“Where are they?” Rusl roared, “Give us back our children! Give me back my son!”


With that, he charged, sword drawn, heedless of the consequences. Many of the small goblins fell with squeaks and screeches. The flat of the axe blade came down hard on him and sent him careening to the ground. He rolled as blows landed beside him. The axe’s butt end walloped him in the head. He felt his arm crack. He felt the sharp axe blade sliver the skin on his middle. He picked up his sword and tried to fight with his uninjured arm. The goblins screeched all around him and the big one laughed. It was a deep, guttural, bestial yet condescending laugh.


And Rusl thought; “This is how Link died.”


His vision was a blur and his body was a robe of agony. He barely noticed that he was limping back toward the village. His sword was back in its sheath. How did it get there? Was it instinct that was driving him, or was it just that the laughter had stopped? Had he defeated them all? No, but they were gone now. He knew that he was not “running away.” The sunlight was fading. He’d been searching and fighting those creatures for that long?


“Hey, hey, hold up there! You don’t look so hot, bud.”


Hands behind him? The tightness of bandages being wound around his ribs, his head... Fado’s voice.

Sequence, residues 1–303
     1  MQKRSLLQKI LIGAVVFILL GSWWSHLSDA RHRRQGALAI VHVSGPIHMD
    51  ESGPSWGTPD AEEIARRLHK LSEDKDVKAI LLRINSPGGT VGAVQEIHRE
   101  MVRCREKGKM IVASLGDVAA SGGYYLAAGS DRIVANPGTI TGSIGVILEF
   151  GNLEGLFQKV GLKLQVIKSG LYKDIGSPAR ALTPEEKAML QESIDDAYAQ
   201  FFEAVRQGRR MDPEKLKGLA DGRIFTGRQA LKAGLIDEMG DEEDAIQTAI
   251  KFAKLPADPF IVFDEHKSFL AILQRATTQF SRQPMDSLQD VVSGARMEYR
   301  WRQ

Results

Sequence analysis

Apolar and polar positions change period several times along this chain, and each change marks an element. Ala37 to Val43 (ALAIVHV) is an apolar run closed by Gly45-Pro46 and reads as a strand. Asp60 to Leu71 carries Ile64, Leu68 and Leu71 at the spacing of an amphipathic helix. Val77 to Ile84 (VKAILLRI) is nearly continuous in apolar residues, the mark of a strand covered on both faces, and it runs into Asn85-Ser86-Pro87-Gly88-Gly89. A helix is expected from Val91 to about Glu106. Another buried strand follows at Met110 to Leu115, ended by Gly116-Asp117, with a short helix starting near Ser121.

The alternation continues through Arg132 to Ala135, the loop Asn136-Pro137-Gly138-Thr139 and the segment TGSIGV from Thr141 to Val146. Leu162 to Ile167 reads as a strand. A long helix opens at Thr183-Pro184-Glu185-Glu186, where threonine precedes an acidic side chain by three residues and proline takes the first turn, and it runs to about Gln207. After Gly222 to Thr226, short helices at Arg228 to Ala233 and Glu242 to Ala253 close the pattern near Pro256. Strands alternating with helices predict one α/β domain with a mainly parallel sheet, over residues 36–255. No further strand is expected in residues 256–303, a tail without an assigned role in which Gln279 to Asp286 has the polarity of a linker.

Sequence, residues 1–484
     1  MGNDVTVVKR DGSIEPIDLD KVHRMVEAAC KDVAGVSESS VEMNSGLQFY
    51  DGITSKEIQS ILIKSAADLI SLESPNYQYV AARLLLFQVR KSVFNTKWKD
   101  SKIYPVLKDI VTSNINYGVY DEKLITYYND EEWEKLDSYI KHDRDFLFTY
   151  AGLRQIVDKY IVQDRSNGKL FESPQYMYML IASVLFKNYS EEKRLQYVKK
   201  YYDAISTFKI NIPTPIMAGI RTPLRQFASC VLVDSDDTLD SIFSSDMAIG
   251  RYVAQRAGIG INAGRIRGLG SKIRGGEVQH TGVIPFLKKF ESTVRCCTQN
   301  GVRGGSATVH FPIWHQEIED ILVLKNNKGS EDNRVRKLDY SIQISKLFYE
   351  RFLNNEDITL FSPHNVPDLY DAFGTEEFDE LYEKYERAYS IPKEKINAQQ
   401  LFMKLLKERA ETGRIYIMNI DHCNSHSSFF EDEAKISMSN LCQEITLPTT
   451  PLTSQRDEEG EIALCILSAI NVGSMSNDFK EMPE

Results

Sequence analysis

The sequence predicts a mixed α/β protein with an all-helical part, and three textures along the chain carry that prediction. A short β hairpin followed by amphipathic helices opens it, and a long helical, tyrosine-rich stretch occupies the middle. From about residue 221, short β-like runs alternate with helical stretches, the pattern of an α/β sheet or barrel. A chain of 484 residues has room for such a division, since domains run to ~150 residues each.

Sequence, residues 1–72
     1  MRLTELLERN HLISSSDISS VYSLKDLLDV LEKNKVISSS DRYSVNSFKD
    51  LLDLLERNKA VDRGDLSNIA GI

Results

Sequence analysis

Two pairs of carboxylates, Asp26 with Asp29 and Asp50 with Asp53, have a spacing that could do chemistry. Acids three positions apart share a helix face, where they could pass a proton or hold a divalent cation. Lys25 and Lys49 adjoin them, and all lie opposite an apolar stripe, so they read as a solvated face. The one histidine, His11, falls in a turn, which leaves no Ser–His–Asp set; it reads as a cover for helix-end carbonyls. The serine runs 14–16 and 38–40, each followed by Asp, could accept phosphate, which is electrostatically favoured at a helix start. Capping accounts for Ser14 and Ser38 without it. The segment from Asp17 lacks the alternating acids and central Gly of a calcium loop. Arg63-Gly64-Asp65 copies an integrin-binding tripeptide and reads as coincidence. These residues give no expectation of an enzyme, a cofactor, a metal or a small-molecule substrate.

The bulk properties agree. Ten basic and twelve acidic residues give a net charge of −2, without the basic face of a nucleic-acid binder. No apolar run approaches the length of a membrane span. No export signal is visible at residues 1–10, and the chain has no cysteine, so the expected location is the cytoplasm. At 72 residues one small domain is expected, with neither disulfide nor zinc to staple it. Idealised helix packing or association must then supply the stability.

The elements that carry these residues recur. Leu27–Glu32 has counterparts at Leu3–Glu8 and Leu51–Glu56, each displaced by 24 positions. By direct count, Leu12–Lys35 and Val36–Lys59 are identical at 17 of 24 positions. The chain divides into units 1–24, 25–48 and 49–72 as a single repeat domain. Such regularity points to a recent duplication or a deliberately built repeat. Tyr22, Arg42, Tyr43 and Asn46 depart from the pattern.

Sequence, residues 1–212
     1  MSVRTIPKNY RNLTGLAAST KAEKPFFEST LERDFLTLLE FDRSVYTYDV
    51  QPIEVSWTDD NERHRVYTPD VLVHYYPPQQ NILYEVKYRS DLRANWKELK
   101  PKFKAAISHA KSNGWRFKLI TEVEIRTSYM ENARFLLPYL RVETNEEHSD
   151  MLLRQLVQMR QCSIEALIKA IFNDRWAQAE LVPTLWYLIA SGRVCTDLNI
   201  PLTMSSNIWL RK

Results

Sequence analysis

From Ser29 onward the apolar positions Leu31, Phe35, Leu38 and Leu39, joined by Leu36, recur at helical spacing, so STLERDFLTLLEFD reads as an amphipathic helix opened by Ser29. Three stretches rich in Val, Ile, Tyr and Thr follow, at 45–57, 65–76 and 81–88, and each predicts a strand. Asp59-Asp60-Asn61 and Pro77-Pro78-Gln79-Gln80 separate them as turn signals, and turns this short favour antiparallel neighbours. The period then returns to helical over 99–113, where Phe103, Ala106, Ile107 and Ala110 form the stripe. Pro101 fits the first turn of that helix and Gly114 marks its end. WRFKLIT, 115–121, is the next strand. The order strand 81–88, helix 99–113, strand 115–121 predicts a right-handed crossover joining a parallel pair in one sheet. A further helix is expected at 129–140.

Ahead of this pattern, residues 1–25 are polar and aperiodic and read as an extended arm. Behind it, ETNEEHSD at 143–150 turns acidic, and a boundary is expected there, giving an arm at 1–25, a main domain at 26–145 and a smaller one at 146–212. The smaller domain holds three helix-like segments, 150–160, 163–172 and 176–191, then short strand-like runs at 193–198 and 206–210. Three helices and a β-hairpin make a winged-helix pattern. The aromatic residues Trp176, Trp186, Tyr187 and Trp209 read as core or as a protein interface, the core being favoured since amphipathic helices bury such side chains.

“No sigh of the tots, eh?”


Rusl shook his pounding head. “The beasts… Gone…. Don’t know where they went. I can walk on my own, Fado, thank you.”


By the time Rusl hobbled back into the village, word had spread. The swordsman caught a glimpse of Mayor Bo and Jaggle talking outside Jaggle’s house. Uli stood outside his own house, her face a mask of fear and concern. Uli… he’d failed her, but at least he was coming home to her and their other little one. He just had to let her know that he was alright – even though he wasn’t – and that he was going to go search some more. He couldn’t get caught in a fight again, but there was always the possibility – however remote – that the children might have escaped and were hiding in the woods somewhere.